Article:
There are many theories out there about how human kind can progress to a more equitable society. One such is the concept of Meritocracy (mer-i-toc-ra-cy). Some enthusiasts link it to Plato’s Republic; whilst others are adamant it is not. The term was coined in the 1950’s by sociologist Michael Young in his paper The Rise of the Meritocracy. www.en.wikipedia.org/wiki/Meritocracy It has subsequently been adopted into a political philosophy by those in search of a hanger for their winter coat.
So what’s it all about:
According to the Oxford dictionary:
- it’s a society in which power is held by people with the greatest ability.
The Chambers dictionary suggests:
- a social system based on leadership by people of great talent or intelligence, rather than wealth or noble birth.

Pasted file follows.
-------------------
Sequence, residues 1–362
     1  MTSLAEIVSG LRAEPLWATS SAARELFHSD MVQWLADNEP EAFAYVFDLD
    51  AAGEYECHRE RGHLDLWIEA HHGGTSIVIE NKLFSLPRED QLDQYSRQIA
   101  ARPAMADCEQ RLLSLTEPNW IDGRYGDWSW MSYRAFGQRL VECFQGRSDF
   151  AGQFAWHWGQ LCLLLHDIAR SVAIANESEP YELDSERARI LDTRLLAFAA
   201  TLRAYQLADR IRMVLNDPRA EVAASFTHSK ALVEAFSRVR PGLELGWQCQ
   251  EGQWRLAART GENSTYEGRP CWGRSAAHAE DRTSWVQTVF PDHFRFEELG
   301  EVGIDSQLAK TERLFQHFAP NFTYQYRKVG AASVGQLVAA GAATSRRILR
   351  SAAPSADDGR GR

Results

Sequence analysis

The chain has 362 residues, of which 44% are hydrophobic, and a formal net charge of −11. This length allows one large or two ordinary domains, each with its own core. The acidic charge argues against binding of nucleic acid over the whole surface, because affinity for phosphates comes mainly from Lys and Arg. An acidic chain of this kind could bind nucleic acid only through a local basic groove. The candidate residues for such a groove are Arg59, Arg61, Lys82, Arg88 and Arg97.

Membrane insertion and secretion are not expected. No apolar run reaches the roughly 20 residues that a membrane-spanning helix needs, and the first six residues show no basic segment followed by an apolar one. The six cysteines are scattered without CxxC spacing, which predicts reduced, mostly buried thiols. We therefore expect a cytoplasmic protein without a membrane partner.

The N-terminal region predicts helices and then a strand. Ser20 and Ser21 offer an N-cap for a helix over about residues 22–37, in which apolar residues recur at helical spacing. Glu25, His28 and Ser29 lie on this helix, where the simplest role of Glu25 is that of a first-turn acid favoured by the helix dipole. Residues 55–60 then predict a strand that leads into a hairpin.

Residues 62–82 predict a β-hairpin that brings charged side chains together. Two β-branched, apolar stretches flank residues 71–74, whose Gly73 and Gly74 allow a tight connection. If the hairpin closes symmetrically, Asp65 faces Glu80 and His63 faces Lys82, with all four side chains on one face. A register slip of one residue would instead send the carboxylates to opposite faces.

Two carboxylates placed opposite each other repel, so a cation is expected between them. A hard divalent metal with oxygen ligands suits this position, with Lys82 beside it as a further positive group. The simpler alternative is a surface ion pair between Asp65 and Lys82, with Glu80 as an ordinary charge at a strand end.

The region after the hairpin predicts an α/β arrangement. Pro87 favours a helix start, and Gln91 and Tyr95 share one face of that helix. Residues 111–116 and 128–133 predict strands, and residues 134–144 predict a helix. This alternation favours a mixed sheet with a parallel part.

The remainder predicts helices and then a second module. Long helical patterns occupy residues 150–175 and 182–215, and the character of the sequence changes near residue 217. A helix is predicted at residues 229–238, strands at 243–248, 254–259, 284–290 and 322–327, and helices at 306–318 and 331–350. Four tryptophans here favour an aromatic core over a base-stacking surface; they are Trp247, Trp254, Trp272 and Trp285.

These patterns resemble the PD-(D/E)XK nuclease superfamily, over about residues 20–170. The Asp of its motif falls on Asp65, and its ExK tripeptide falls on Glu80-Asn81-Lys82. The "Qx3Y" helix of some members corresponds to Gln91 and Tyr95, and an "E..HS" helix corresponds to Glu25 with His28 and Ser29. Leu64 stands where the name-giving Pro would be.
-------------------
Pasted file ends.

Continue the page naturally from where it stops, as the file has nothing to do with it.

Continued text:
You may see only similarities and some positives in the two definitions but for me, I see only doubt. It is based on the original plan of the Han Dynasty whereby civil servants sat exams to illustrate their ability and to prevent nepotism.
Michael Young gives a critical analysis:
“merit is equated with intelligence-plus –effort, its possessors are identified at an early age and selected for appropriate intensive education, and there is an obsession with qualification, test-scoring, and qualification”.
It is reminiscent of the 11+ in the British education system which determined the school a child would attend, and in all likelihood, the future that child could experience. The whole process was heavily influenced by the wealth of the parents. Today it is basically the same, no progress at all.